Incentives and Constraints: A Configurational Account of European Involvement in the anti-Daesh Coalition
The European Political Science Review (Cambridge University Press) has accepted my article “Incentives and Constraints: A Configurational Account of European Involvement in the anti-Daesh Coalition”. The accepted version (after peer review, pre-copyediting) of the article can be accessed here.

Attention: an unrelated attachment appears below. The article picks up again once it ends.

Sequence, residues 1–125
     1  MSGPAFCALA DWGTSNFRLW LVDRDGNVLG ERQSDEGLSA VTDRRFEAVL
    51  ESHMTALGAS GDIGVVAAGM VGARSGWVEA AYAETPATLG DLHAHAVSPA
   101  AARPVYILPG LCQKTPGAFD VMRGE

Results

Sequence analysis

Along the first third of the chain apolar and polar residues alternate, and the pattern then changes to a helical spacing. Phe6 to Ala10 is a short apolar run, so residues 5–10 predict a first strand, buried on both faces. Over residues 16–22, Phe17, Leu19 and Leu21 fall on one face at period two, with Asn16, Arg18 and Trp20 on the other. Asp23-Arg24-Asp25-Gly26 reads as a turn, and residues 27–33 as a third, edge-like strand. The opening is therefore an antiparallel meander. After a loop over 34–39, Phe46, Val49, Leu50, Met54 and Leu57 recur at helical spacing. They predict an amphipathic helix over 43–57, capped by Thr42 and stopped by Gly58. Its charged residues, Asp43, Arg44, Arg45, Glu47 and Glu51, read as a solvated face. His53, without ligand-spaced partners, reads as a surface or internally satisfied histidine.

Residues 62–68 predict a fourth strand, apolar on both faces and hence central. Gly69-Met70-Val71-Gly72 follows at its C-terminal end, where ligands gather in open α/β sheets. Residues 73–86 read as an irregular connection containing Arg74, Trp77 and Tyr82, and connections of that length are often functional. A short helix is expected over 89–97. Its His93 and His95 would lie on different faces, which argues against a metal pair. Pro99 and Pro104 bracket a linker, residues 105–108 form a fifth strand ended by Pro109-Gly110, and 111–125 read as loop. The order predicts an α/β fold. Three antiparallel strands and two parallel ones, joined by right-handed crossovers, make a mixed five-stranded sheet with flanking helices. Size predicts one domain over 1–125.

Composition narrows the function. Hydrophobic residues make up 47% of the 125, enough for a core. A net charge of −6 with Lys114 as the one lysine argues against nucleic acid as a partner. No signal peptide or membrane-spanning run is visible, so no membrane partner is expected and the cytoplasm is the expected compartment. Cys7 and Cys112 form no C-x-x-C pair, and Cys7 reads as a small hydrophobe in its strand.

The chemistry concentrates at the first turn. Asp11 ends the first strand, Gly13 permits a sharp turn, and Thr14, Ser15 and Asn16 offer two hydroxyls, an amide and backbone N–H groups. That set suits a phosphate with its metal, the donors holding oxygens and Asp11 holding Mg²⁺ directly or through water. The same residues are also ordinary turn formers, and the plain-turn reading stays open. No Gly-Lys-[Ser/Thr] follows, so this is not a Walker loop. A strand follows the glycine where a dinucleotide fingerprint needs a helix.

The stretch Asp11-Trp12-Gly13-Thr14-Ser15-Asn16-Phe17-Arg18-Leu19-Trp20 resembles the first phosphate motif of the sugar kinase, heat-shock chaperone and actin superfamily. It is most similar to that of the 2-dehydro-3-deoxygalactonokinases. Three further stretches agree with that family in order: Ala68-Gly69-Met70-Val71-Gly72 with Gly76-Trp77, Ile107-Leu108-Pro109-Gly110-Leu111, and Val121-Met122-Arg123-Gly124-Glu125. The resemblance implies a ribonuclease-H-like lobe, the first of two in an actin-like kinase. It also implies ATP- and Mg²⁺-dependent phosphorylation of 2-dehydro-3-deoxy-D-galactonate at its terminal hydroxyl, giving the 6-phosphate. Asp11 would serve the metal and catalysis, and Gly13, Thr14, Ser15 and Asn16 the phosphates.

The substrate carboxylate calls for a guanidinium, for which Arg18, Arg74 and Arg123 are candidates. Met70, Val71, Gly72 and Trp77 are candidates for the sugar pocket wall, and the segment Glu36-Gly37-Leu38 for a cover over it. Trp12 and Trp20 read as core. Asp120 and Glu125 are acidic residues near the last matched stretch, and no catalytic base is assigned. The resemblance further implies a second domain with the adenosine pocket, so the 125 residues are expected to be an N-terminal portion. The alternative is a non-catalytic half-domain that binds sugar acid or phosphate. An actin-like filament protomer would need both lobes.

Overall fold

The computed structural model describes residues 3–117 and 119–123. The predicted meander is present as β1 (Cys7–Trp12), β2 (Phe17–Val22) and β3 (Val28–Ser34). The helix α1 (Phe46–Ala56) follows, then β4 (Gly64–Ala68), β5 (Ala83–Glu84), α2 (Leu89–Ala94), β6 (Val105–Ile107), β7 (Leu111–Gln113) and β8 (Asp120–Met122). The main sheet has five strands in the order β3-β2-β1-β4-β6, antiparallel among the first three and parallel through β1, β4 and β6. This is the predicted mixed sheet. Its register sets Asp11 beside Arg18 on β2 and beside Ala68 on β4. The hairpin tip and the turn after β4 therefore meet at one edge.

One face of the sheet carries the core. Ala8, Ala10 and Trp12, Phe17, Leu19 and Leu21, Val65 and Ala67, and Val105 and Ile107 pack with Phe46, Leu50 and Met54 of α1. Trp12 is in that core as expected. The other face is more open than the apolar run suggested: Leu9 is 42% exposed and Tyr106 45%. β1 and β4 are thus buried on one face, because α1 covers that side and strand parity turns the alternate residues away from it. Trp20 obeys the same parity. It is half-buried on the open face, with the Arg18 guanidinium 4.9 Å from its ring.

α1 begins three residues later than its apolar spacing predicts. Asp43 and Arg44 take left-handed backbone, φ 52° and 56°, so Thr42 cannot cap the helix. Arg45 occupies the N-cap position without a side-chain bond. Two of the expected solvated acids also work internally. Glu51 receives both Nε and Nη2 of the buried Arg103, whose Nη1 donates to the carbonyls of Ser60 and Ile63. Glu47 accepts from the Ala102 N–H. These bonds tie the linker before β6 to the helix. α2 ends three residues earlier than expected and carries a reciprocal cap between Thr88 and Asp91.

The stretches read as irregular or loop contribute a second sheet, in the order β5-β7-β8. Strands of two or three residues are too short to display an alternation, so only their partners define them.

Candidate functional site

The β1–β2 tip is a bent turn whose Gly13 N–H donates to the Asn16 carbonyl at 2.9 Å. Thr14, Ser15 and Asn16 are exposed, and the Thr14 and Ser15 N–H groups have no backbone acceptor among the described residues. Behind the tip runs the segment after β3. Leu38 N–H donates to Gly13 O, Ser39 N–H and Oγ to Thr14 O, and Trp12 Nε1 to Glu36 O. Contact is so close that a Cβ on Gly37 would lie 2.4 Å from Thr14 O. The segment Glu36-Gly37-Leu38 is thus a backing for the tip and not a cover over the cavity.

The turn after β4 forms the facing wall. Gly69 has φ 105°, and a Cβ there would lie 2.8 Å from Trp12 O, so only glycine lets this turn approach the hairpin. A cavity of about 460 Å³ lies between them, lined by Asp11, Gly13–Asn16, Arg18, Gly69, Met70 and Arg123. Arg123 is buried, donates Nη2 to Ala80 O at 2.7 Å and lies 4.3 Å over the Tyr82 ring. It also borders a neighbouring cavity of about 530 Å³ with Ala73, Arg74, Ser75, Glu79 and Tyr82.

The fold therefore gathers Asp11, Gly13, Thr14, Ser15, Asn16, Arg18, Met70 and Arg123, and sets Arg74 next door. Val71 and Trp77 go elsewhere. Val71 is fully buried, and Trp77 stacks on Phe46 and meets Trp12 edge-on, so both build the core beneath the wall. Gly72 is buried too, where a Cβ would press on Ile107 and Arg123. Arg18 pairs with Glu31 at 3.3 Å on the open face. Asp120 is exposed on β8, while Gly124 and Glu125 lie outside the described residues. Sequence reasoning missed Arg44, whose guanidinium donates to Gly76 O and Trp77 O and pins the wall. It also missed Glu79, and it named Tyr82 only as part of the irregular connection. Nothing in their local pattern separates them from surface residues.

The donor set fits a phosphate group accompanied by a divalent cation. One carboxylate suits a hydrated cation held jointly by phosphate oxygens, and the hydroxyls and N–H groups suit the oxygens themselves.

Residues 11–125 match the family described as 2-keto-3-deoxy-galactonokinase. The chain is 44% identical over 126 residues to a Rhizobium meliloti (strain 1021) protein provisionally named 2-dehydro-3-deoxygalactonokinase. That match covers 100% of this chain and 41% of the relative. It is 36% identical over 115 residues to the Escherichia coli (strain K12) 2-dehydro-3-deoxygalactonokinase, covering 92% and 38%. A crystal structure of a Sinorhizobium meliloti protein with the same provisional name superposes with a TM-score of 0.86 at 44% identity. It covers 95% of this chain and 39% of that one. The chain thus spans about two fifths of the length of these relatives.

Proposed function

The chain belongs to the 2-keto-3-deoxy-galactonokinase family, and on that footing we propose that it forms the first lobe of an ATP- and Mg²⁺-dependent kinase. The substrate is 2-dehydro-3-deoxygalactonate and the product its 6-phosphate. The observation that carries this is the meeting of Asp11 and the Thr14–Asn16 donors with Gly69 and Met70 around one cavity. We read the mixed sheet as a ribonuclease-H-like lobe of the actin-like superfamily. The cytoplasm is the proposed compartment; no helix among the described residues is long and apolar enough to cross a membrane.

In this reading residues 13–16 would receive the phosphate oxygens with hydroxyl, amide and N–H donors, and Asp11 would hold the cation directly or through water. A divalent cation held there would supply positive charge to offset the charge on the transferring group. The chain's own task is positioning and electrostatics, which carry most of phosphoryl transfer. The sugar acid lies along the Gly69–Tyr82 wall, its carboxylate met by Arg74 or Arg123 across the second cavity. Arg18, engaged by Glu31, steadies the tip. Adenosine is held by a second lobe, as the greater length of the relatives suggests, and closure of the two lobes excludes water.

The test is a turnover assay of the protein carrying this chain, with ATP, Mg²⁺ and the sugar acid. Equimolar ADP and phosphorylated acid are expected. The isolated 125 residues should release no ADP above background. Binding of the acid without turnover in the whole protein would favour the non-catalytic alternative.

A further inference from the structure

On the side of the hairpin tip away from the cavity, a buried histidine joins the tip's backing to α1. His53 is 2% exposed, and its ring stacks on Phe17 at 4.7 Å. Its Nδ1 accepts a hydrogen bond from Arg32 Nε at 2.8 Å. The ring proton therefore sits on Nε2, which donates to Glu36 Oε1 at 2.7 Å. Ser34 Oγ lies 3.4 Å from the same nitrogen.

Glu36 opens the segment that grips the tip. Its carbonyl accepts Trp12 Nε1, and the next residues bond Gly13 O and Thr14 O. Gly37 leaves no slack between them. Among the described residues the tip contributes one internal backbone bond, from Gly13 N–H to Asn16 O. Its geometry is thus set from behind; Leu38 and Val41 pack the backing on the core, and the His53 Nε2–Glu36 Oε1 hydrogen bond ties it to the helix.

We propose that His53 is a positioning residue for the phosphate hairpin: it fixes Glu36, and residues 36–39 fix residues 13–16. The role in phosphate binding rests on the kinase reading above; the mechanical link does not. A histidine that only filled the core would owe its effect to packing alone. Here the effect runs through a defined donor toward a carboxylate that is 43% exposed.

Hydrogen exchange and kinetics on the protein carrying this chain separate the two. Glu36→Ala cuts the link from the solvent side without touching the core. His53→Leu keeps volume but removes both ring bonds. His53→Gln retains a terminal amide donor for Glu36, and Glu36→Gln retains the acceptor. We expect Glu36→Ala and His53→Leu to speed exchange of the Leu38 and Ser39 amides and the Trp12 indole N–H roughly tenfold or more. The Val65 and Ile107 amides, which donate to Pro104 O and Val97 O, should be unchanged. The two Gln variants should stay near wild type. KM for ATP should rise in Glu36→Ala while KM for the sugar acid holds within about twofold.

Abstract: In 2014, the United States initiated the formation of a multilateral military operation against Daesh in Syria and Iraq. Eventually, more than 70 states joined the anti-Daesh coalition. However, contributions to the military effort have been characterized by great variance, especially among EU member states. While some states took leading roles in the airstrikes, others provided training for Iraqi and Kurdish forces, and still others did not get involved beyond voicing their support for the policy. Against this backdrop, this article makes a twofold contribution to the literature on military coalitions and security policy. Empirically, the article provides a mapping of the then 28 EU member states’ military engagement in the fight against Daesh in Syria and Iraq. Analytically, fuzzy-set Qualitative Comparative Analysis (fsQCA) is applied to account for the observed pattern of military involvement, using an integrative framework that combines international and domestic factors. The results demonstrate that multiple paths led towards EU military involvement in the anti-Daesh coalition. At the same time, international-level incentives, such as external threat and/or alliance value feature prominently in all three identified paths. The analysis further underscores the value of a configurational perspective, because neither an external threat nor alliance value are sufficient on their own to bring about the outcome. Across the set-theoretic configurations, these conditions either combine with other “push” factors or with the absence of constraints against military involvement. In line with the latter, the article highlights the policy relevance of institutional constraints, especially legislative veto rights, since most of those countries that were involved in the airstrikes of the anti-Daesh coalition did not have formal parliamentary involvement on matters of military deployment policy.